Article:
Justin Harvey was driving through Orlando on Tuesday when he saw a rocket ship in the sky, leaving a trail of billowing white smoke on its way high above the heavens.
He didn’t bother to check the news afterward because he figured the Falcon Heavy rocket, launched by SpaceX and now considered the world’s most powerful operational spaceship, probably wound up in the Atlantic Ocean.
“When I saw it, I was ready to laugh,” he said. “Space travel is pretty much a hoax.”
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The 30-year-old University of Central Florida alumnus is a Flat Earth conspiracy theorist, or a Flat Earther, and he doesn’t believe that NASA has ever been into space, or that its archive of photographic evidence showing the Earth’s spherical shape is anything but Photoshopped propaganda.
As for the red Tesla Roadster convertible — owned by billionaire Tesla and SpaceX founder Elon Musk — that was released into orbit by Falcon Heavy, Harvey believes it was either parked in a film studio or stitched together using computer-generated imagery.
Across the U.S. in recent years, online contingencies of Flat Earthers have grown exponentially, and as their platform has expanded, their comfort publicly expressing their beliefs has, too. Last year, the sold-out Flat Earth International Conference attracted several hundred people — Harvey included — to Raleigh, North Carolina. This year, it’ll be in Denver.
And on Feb. 17, Harvey, who works as an Uber and Lyft driver, will give a lecture at the Meeting of the Minds in Miami. Despite majoring in business and real estate at UCF, Harvey has gained some influence in the Flat Earth sphere. Speaking to the topic’s popularity, several smaller Flat Earth events in Miami are scheduled to take place in the coming weeks. Flat Earthers also have celebrities within their ranks, including Boston Celtics superstar Kyrie Irving and rapper B.O.B.
Several social media users took to Twitter following the Falcon Heavy Launch, and the release of video showing the Tesla floating through space with a globular Earth in the background was an apparent victory over Flat Earthers. But Harvey said the video of the Tesla seemed fake to him, as there were no stars, satellites or debris to be found.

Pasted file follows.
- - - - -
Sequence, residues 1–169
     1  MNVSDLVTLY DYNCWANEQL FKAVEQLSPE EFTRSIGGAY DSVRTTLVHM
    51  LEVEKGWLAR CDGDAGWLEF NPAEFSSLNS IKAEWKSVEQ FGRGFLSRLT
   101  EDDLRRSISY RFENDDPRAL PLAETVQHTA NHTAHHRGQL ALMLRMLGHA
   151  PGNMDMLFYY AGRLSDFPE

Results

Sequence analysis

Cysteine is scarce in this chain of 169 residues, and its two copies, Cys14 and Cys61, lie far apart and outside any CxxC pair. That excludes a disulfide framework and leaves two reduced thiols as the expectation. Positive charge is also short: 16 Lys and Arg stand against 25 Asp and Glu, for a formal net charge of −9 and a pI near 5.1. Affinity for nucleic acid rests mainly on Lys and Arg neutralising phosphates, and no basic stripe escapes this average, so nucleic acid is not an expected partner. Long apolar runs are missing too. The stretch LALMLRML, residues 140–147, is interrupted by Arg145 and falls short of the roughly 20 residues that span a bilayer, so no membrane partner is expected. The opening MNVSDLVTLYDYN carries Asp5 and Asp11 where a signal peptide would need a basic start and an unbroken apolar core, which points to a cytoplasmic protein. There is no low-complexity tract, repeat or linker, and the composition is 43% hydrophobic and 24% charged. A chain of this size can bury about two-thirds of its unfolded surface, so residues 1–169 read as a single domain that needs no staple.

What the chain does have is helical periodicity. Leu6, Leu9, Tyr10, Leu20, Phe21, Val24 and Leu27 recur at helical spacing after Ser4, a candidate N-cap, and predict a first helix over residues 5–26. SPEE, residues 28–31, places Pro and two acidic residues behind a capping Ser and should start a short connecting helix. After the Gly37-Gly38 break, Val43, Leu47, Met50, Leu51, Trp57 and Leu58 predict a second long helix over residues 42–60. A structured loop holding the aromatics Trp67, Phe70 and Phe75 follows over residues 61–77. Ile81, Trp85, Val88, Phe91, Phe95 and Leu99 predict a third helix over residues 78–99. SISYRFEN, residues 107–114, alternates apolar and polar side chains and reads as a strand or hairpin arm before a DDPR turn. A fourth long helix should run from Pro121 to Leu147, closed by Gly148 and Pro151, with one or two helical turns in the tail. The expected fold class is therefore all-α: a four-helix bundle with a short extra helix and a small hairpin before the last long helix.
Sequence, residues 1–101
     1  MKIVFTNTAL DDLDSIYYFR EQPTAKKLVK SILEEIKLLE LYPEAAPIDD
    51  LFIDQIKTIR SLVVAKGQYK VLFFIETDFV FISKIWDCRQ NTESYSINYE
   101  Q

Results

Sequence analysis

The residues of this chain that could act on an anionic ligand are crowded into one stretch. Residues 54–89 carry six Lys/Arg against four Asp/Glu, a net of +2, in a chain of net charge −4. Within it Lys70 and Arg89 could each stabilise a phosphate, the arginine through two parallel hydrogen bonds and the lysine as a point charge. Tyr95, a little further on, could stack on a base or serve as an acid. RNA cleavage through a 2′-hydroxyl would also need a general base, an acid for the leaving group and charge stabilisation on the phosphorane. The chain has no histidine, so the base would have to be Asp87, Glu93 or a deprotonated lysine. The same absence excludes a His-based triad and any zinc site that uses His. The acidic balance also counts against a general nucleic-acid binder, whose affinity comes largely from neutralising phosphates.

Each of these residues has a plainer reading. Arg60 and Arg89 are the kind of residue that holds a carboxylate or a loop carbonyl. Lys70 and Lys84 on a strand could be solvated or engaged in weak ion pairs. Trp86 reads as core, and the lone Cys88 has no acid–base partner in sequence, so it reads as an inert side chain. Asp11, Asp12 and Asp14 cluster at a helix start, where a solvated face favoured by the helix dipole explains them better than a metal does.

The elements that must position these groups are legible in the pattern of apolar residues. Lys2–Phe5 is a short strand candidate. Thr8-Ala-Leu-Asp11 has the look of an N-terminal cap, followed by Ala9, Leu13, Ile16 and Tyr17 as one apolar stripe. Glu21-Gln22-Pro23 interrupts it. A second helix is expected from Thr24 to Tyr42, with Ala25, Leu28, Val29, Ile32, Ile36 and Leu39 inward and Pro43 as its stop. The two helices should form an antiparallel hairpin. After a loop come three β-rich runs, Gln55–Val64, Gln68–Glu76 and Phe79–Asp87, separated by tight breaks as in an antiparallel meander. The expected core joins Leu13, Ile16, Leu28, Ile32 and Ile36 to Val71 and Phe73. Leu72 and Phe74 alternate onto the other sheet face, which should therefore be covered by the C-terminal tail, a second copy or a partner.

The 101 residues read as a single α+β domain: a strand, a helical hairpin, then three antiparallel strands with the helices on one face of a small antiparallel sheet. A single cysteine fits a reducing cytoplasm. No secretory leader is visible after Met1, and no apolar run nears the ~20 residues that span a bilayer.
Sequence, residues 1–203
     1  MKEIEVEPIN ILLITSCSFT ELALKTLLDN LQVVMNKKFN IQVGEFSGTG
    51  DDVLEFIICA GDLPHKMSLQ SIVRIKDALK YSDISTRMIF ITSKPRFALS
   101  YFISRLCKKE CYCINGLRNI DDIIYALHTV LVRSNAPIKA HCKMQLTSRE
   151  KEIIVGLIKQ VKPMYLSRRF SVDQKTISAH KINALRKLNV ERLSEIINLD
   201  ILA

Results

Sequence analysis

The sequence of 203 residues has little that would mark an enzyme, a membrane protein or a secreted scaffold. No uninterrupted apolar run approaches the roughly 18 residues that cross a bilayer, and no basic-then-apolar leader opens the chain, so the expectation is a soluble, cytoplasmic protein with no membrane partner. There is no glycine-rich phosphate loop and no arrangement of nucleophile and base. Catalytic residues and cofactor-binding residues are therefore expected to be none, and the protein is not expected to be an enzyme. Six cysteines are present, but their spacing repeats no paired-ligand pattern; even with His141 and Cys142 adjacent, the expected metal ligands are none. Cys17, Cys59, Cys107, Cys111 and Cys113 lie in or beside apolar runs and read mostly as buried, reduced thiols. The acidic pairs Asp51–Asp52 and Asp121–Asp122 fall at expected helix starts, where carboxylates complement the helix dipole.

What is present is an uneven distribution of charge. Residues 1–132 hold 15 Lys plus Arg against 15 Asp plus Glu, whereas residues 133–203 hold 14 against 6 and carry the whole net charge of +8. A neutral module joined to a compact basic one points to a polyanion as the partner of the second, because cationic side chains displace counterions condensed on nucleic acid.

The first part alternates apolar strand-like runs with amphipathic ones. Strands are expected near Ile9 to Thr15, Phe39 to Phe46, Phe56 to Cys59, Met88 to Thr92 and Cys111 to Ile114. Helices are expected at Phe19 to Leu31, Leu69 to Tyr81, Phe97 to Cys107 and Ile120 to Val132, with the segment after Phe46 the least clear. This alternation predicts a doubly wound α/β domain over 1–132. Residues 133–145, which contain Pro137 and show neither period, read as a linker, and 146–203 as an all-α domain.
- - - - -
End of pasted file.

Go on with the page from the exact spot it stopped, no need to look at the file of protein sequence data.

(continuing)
“I know the Earth is not a ball. Look, we live in Florida, dude,” said Jeffrey Main, 49, a Flat Earther living in Palm Harbor, Florida. “If it’s not observable, it’s not science. It’s theory.”
Despite the resounding evidence proving Earth’s spherical shape, Flat Earthers counter with their own arguments, like the inability to observe the curvature of the Earth even from the top of high-altitude weather balloons, water’s lack of convexity and the lack of convincing evidence of the Earth’s motion around the Sun. They generally believe the world is a large, stationary disk surrounded by an ice wall.
“They have an explanation for a lot of this stuff,” Harvey said. “It’s a lot of blah blah, big words.... We’re told you live on a ball and you can’t leave unless you’re an astronaut.”
Harvey and Main, 49, said they used to believe in mainstream astrophysics, but that changed about two years ago when they were challenged online.
“At first I laughed it off,” Harvey said. “It took a while, but I finally cracked. I looked into it and I was blown away to be honest.”
After a year of researching, Harvey was confident enough to speak about his beliefs in public. Last year he posed a NASA-denying question to retired NASA astronaut Scott Kelly, who spent more than a year on the International Space Station, which Harvey believes is actually under water.
He asked him about “space bubbles,” a phenomenon spotted by Flat Earthers in ISS videos that they attribute to underwater filming. Kelly said what appears to be bubbles could be space debris or paint chips — Harvey doubts it. The crowd jeered at his question.
“You gotta expect it,” Harvey said. “It’s very typical with this topic.”
Dr. Massimiliano Galeazzi, the associate chair of the Department of Physics at the University of Miami, didn’t mince words about the Flat Earth theory.
“It’s very simple. Look at the images from the [International] Space Station,” he said. “They see the Earth, and it’s round. I’m not sure what more they want.”
An “open-minded” proponent of the scientific method and of challenging mainstream ideas, Galeazzi said Flat Earthers go “well beyond that.” To believe in a pancake planet, one must dig themself into a hole of denials, he said.
“It’s not just one explanation,” he said. “There are plenty of reasons why the earth must be spherical.”
Without spherical symetry, the theory of gravity wouldn’t hold up, he said. And without an orbit around the Sun, the technology used for GPS or satellite TV wouldn’t work.
He said the massive circumference of the Earth — 29,000 miles around — makes it impossible to observe the planet’s curvature from the ground.
“There is clear evidence and plenty of it,” he said. “They are entitled to their own opinion. Doesn’t mean that it makes sense.”
Both Harvey and Main, who met online, said the problem lies in the public’s over-reliance on mainstream science and the government.
“I think we have put too much faith in science and blindly believe what we are told because it's been accepted for so long,” Harvey said. “I just want people to question and think for themselves again and get back to trusting our own senses.”
“Don’t even bother listening to people on either side of it,” Main added. “Just do your own research.”
Correction: An earlier version of this article mischaracterized a belief Flat Earthers hold. They do not expect to see the Earth’s apparent curvature from the ground.